Prying information loose about any Steven Spielberg project isn’t easy — just ask the Paramount execs who struggled to get a peek at “War of the Worlds” dailies.
But that’s nothing compared to the shoot Spielberg began this month in Malta about Israel’s covert campaign to assassinate the Palestinian terrorists responsible for the massacre of Israeli athletes in the 1972 Munich Olympics.
The Tony Kushner script is under such a lockdown that a Mossad agent would be hard-pressed to infiltrate its cover page.
But Variety can at least reveal what that cover page starts with: “Munich.” That’s the official title of the film.
Though not very descriptive, Spielberg’s inner circle can only hope the title might defuse the notion that the movie is based on “Vengeance,” a book based on input from a purported member of the hit team. Its veracity has been widely questioned.
Once it became known that book was among the resources used by screenwriters Eric Roth and Kushner, a chorus of detractors surfaced in press stories. Before he shot a frame, Spielberg had a controversy that rivaled the one surrounding “The Passion of the Christ.”
Gad Shimron, a former Mossad officer and author of “The Mossad and its Myth,” echoed the sentiments of several Israeli intelligence experts contacted by Variety correspondent Marc Daugherty.
“I know the ‘Vengeance’ book. It’s nonsense, totally baseless,” Shimron says. “This sexy plot of an epic squad composed of a German, a Frenchman, an American, a Brit sounds like a bunch of clowns playing partisans behind enemy lines. It never happened that way.”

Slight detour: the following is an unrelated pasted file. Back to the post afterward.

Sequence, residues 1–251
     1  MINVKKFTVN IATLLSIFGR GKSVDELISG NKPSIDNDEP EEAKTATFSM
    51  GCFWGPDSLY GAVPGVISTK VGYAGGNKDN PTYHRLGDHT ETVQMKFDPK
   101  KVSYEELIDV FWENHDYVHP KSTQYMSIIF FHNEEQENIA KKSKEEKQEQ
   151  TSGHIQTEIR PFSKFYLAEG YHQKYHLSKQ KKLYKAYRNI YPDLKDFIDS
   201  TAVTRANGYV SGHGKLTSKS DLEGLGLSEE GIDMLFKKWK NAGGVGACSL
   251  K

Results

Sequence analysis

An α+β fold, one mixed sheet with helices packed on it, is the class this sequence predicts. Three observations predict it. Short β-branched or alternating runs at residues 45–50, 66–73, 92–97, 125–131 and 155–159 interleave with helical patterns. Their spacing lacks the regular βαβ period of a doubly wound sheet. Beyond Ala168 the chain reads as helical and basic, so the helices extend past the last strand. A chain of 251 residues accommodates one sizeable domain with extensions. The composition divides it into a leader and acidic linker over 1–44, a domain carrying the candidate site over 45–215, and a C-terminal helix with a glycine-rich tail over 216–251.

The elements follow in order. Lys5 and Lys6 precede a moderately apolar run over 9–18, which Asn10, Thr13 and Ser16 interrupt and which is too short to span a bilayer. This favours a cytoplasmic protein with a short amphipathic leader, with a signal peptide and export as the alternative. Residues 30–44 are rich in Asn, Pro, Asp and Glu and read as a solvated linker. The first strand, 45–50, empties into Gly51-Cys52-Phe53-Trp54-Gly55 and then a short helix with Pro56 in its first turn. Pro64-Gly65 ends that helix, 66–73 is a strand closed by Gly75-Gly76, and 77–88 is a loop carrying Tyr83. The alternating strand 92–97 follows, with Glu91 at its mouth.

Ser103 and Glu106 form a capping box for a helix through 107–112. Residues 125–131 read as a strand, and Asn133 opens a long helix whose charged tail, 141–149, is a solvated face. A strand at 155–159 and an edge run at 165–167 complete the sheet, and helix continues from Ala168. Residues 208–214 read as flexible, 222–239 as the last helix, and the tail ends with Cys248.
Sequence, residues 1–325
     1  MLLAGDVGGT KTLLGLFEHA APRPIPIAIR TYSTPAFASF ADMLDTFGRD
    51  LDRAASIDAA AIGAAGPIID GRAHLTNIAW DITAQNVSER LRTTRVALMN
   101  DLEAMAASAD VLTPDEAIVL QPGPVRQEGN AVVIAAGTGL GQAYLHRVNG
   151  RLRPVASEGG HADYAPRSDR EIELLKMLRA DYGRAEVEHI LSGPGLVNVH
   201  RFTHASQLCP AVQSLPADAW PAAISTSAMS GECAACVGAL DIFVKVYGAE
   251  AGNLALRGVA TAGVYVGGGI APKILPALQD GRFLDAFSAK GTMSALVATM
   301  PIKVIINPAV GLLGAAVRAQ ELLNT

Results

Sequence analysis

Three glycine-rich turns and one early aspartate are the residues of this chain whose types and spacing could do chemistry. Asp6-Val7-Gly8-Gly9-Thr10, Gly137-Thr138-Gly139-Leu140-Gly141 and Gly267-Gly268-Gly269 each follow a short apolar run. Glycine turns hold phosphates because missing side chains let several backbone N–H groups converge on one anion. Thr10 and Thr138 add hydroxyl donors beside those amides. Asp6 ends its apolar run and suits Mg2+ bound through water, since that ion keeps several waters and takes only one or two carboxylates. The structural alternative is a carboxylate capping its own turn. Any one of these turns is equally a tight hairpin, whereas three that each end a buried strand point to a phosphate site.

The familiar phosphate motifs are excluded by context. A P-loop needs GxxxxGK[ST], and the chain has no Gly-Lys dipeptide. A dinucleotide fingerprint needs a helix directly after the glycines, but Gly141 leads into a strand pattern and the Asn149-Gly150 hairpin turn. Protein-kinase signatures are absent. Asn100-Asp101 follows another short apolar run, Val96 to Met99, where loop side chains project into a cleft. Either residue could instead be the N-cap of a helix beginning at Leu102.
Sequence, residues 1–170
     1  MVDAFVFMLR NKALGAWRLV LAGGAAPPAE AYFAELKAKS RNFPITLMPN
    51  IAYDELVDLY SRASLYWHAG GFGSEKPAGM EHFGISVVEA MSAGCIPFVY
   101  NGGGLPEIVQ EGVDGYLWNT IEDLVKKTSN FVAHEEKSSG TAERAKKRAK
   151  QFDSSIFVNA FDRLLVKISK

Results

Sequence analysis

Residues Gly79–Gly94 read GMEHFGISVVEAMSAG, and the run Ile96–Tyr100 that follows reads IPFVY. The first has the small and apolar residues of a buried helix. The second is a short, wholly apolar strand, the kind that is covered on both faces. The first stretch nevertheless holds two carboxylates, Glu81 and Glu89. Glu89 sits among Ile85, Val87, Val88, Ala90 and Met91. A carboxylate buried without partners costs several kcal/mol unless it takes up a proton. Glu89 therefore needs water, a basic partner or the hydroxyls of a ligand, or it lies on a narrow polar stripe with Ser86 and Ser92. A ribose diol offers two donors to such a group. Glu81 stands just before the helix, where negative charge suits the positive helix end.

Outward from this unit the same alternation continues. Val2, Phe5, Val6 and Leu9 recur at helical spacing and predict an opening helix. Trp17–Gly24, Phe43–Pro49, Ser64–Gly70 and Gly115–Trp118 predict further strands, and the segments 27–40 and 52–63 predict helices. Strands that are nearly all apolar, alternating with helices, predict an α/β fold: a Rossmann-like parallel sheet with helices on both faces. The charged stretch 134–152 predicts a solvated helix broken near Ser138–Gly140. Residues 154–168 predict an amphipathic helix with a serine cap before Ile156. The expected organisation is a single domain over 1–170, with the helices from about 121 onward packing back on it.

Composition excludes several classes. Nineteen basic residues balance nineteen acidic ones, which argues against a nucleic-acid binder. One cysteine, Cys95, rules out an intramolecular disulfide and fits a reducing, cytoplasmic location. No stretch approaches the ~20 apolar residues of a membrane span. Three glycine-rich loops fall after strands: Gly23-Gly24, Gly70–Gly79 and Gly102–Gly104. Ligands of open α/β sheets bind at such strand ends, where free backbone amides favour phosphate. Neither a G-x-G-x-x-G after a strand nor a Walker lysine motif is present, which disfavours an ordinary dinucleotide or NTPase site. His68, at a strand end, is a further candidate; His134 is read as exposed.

The Spielberg camp maintains “Vengeance” was just one of the resources that went into telling a story they feel sticks close to the truth while taking enough dramatic license to make a compelling film.
“While people think this is based on ‘Vengeance,’ I’m telling you that there were also memoirs from involved parties from both sides,” says Spielberg spokesman Marvin Levy. “They did tremendous research on this.”
Levy says much of the brickbats fired at “Vengeance” came from an early disinformation campaign waged by Israelis to discredit the book because the country never fully admitted that Prime Minister Golda Meir authorized the assassination squad.
Dennis Ross, a former ambassador who was a point man in Middle East relations for the George H. W. Bush and Bill Clinton administrations, is a consultant on the project and has read the script.
“It’s a responsible telling of the story that takes dramatic license because it isn’t trying to be a documentary,” Ross says.
“What’s most interesting in the script is the doubts and questions that the people responsible raised among themselves. They remained committed to their mission and this didn’t make them less heroic.”
The incendiary subject matter has led to tightened set security in Malta, Hungary and New York, where the film will wrap before a Dec. 23 release.
No actor call sheets are circulated and actorsin secondary rolesget script pages with only their lines; just a handful of cast members have read the completed script.
While pre-release controversy certainly didn’t hurt the grosses of Mel Gibson’s movie, Levy says this is not attention that his boss is courting.
“We don’t want to get into one of those situations,” he says. “Steven really wants to have judgments made about the film when people have the chance to see it.”